When it came to figuring out what field I wanted to study, I had a challenging time determining what spoke to me. While I loved the fine arts and thought I could flourish in it, I never felt fully confident in making it my major. I eventually decided on Graphic design, which surprised many. With graphic design, I had confidence that I could flourish and further improved my skills in illustration and design. After getting admitted to the major, I began building my graphic design career. It felt very overwhelming at first, there was so much to the field and various levels of expertise to learn and put into practice. I wanted to bring something representative of my art style to the Graphic Design field. Specifically, a gestural/illustrative style, that could be incorporated through design. There was a period where I felt lost with graphic design, and it was only recently that I finally became confident about what I was creating. The journey to finally becoming comfortable within the field started with my experience with typography.
Typography became a main interest in my art, especially with decorative and calligraphic typestyles. The work of Wes Wilson, Alton Kelley, Bonnie MacLean, and the psychedelic art movement in general became a main source of inspiration for typography. These fluid, gestural typestyles were hypnotic, the more you observed them the more alive they appeared. They communicated more than just the words, but an experience. When it came to finally developing my own typestyle, I started with something simple and bold, done entirely by hand. “Tell Me Something Deep,” was a recreation of a scene from “Diary of a Teenage Girl,” where the main character discusses her sexuality and attraction to women. I wanted to create this scene just for the quote. The way a simple sentence had such a profound impact, especially in the context of the main character and how she discovered herself. It stood out to me, both personally and artistically. The way personal expression, like sexuality and identity, can be seen through the art of language and communication. Typography, like most of my work, became another vessel for personal and creative expression. To express identity, emotion, and personal journey. To me this artwork cemented how typography could be used to express emotional depth. It made me realize how much potential it had, and how I could use it in my own gestural style.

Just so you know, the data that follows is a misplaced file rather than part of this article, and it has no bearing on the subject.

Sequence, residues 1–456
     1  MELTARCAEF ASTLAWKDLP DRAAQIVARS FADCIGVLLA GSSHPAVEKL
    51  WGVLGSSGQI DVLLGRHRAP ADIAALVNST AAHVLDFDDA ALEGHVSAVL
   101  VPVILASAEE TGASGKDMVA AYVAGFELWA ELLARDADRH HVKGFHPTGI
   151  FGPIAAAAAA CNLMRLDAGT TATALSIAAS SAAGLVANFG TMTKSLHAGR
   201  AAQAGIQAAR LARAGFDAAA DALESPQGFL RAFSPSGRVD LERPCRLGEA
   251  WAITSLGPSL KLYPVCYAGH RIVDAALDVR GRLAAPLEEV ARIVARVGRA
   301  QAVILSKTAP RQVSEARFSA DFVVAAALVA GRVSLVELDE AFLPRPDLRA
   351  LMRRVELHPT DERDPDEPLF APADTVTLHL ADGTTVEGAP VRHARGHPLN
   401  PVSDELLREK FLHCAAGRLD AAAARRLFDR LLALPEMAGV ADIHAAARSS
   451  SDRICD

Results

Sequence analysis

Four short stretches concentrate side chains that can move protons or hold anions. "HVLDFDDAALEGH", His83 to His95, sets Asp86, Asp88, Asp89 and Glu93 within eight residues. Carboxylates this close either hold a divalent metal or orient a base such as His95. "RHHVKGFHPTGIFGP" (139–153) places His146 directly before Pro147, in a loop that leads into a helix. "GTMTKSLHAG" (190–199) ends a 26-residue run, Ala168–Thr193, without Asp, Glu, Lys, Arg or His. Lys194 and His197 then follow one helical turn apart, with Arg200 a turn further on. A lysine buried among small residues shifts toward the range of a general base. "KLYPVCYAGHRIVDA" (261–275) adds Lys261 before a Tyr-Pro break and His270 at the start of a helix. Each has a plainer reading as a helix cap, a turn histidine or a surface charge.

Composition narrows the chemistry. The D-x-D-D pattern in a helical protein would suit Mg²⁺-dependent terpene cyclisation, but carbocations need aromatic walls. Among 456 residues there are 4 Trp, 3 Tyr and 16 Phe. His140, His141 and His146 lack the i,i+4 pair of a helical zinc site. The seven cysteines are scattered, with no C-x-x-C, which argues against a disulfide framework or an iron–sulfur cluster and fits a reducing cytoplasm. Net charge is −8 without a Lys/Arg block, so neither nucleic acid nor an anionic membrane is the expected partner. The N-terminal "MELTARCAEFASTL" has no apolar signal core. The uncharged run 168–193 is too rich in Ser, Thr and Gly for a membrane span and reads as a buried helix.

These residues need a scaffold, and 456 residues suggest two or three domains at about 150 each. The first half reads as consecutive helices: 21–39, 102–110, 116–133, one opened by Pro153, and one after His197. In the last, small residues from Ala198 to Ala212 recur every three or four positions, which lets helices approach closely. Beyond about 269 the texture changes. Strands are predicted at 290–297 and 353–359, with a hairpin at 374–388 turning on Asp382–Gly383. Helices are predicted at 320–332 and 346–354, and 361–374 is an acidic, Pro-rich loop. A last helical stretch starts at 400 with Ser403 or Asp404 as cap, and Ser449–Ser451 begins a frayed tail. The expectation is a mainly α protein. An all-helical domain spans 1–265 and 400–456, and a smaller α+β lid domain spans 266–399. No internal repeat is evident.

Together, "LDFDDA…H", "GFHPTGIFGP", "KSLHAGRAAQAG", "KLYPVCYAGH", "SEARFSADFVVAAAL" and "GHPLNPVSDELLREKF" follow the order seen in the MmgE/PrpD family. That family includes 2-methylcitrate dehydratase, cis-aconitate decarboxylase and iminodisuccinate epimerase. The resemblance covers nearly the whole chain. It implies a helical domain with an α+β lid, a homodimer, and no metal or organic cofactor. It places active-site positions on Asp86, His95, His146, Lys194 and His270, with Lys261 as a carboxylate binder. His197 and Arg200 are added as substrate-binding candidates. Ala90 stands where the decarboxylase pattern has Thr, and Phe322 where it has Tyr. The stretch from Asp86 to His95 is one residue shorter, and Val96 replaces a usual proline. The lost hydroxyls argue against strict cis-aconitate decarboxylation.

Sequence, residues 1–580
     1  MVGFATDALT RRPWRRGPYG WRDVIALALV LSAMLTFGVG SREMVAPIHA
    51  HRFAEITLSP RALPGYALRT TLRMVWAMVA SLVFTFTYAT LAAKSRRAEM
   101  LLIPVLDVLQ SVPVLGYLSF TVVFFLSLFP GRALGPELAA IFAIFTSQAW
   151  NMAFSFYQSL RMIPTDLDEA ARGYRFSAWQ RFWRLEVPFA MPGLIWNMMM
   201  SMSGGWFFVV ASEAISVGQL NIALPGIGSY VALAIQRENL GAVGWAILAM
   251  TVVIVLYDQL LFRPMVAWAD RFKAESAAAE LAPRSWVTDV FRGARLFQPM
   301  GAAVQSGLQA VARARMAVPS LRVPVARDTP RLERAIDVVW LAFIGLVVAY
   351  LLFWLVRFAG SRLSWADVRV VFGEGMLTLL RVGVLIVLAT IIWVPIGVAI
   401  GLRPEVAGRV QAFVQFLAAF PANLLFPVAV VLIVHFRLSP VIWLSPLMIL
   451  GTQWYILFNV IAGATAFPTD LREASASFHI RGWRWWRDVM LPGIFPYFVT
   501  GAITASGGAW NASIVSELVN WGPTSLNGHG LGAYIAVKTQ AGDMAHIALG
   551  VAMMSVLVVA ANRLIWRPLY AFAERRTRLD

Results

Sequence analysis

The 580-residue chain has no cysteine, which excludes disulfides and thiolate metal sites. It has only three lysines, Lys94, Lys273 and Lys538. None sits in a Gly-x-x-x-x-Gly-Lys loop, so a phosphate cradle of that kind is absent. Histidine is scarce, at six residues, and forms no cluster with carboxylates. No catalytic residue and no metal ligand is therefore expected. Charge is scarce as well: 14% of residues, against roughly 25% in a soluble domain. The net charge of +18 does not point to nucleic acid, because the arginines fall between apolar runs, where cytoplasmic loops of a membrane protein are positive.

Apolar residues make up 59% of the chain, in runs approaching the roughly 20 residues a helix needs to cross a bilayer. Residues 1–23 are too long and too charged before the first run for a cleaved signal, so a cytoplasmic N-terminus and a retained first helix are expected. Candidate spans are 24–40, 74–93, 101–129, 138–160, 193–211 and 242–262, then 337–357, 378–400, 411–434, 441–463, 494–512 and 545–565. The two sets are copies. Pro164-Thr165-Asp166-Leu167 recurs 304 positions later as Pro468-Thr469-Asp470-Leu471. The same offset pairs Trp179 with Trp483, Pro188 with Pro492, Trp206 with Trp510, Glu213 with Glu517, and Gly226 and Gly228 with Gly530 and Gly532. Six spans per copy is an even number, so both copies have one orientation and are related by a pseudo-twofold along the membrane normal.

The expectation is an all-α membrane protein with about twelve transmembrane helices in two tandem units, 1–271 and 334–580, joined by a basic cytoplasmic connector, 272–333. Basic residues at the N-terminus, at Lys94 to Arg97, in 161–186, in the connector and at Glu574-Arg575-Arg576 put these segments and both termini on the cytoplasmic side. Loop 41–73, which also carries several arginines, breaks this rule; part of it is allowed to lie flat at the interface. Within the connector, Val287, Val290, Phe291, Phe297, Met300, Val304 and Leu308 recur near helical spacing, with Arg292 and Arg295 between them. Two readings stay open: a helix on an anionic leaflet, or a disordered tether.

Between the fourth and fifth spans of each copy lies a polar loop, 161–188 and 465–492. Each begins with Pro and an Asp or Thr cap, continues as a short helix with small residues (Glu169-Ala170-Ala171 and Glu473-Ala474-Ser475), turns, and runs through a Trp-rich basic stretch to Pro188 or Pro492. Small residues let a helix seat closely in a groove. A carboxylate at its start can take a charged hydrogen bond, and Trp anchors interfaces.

Since this newfound appreciation, I continue to implement type into my work, creating my own typeface and using it as an art form. To communicate through art directly allows for profound levels of expression. Graphic design, despite being a constricting medium, has the most room for opportunity. To find something I enjoy in the field, while also allowing for my own personal expression was extremely gratifying.